10 of the Best Movies and TV Shows to Interest Your Child in Learning Chinese

Chinese is one of the most difficult languages to learn. It’s also a language that many people around the world want to know more about. Children are no exception, and it can be hard for them to find ways to get started learning Chinese. That’s why we’ve compiled a list of our favorite movies and TV shows that will help kids learn Mandarin faster than they would otherwise! So start them off by watching some of the best movies and TV shows that are available in Chinese. Not only will they be entertained, but they’ll also pick up on some new words and phrases. For example, did you know that many children who watch “Thomas & Friends” in English can’t wait to see it again when it’s dubbed into Mandarin? Your child may enjoy these awesome titles as well!

(1) Mighty Morphin Power Rangers

Mighty Morphin, might be a ranger for life! If your child likes the TV show and is into superheroes, this one’s a no-brainer. They’ll pick up on some Mandarin as they watch the series about kids with superpowers fighting monsters in their spare time. It was originally dubbed to Chinese so there are plenty of chances for them to learn words that have been used by native speakers since then.

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(2) If History Is a Group of Meows

This series introduces Chinese history in a cute and exciting way. The animation is based on historical records of Zuo Zhuan, the general history of China, and other historical documents. They are all created according to real historical events, which is both interesting and educational. It aims to popularize Chinese history amongst young readers while the work reinterprets historical events in humorous language, making it easier for young people to remember. The animation uses modern comic techniques to create 12 cats to explore cultural innovation and “education through fun”.

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(3) Stories of Tang Poetry

This is a series of cartoons adapted from Tang poetry. The poems in the film are selected from more than 1000 poems of more than 100 poets. They are all very classic masterpieces. The duration is very short, and each episode only lasts about 8 minutes. Each episode adopts different art techniques, including line drawing, fine brushwork, ink painting, freehand brushwork, folk New Year pictures, and so on. The film is faithful to the original in terms of ideology and content, and excavates on the basis of poems as a framework to create and enrich the plot, which truly reflects the local customs at the time, the connotation of writing and the poet’s ideological realm. It is a clever way to incorporate Chinese culture into the lessons. The children speak in Mandarin, and they are shown eating noodles (instead of pizza), reading scrolls on their beds instead of comic books, using chopsticks rather than forks, and memorizing poems for school instead of writing essays. In this way, watching movies helps them learn about Chinese culture.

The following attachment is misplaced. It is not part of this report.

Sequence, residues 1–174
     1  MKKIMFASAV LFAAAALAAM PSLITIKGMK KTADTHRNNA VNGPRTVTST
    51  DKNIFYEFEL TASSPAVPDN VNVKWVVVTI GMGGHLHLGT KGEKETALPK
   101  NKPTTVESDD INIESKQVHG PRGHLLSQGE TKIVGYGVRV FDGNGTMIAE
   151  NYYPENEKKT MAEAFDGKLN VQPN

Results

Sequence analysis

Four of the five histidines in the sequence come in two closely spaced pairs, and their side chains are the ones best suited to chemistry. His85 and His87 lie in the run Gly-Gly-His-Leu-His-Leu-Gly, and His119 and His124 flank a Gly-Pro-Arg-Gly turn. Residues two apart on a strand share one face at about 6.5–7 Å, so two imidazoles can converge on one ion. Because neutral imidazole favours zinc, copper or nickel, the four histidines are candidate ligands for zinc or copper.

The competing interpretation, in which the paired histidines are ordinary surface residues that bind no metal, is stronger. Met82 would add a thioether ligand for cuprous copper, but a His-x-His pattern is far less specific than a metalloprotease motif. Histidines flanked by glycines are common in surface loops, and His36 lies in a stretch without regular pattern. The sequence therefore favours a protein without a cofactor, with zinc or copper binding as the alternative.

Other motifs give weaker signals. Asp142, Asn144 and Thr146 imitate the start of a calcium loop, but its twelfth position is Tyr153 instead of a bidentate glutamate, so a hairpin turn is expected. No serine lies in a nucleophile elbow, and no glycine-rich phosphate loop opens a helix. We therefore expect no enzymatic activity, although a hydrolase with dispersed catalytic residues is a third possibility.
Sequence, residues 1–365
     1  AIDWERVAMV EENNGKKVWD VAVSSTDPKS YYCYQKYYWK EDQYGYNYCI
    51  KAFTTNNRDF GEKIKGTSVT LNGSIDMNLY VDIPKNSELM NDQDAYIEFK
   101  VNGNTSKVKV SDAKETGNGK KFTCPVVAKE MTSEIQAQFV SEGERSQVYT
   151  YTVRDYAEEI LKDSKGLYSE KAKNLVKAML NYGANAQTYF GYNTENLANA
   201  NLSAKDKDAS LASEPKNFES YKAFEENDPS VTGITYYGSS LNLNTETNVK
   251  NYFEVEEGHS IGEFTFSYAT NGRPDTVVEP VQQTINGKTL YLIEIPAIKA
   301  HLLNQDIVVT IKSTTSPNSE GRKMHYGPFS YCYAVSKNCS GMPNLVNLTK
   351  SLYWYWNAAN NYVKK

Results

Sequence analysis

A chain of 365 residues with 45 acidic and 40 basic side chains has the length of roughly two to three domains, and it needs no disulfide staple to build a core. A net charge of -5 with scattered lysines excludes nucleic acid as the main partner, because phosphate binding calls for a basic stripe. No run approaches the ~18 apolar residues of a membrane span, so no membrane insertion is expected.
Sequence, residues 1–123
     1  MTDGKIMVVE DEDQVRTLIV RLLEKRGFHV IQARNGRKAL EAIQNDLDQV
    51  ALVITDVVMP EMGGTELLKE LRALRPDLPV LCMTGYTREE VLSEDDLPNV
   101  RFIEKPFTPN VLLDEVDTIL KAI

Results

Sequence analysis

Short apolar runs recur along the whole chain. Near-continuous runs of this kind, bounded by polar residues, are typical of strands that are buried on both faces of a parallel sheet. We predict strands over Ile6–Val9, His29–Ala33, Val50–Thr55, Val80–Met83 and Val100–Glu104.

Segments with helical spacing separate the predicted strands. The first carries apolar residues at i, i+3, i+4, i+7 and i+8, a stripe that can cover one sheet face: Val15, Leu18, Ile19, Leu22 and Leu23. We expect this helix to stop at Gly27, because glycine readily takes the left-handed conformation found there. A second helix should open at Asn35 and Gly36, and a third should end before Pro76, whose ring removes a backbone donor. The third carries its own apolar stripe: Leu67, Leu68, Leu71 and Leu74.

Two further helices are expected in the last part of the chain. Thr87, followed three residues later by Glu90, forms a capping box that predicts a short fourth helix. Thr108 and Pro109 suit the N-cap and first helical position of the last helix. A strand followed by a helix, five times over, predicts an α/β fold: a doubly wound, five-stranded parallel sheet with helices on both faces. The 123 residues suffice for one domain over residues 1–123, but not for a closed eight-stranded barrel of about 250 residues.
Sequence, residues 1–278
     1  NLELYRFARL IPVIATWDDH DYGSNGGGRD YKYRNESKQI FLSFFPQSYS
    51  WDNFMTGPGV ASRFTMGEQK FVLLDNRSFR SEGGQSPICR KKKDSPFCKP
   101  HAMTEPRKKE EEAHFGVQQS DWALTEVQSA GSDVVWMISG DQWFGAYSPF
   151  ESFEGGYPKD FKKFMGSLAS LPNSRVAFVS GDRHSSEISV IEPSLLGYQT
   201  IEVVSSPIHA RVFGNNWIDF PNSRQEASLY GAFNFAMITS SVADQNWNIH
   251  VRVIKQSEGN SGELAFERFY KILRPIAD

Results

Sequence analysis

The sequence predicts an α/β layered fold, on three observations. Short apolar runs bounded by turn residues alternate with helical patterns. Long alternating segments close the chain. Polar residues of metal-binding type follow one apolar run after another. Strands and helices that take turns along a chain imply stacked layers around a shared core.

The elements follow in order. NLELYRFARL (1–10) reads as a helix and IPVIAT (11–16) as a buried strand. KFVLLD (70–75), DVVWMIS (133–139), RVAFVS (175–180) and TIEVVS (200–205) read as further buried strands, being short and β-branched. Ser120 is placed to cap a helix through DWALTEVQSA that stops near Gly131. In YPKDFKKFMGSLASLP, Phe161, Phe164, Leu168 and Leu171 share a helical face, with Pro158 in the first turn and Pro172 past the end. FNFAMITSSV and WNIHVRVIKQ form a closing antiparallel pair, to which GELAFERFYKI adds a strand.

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(4) Laozi’s Theory

A philosopher in ancient China, Laozi (or Lao-tzu) is credited with writing the Daode Jing. The book is the earliest record of Daoism—a philosophy that has shaped Chinese life for more than 2,000 years. Daoism emphasizes self-knowledge, simplicity, spirituality, and openness. The cartoon series explains what Lao Tzu said in all of his wisdom. The animation of “Zhuangzi said” summarizes what Zhuangzi said in only a minute or two.

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(5) Barbie Fairytopia Princess

This TV show features Barbie as an elf princess who must go on an adventure that will eventually lead her back home to Fairytopia. There are two seasons of the show that are sure to keep your little Barbie fan begging to watch more even if they are learning a lot of Chinese at the same time.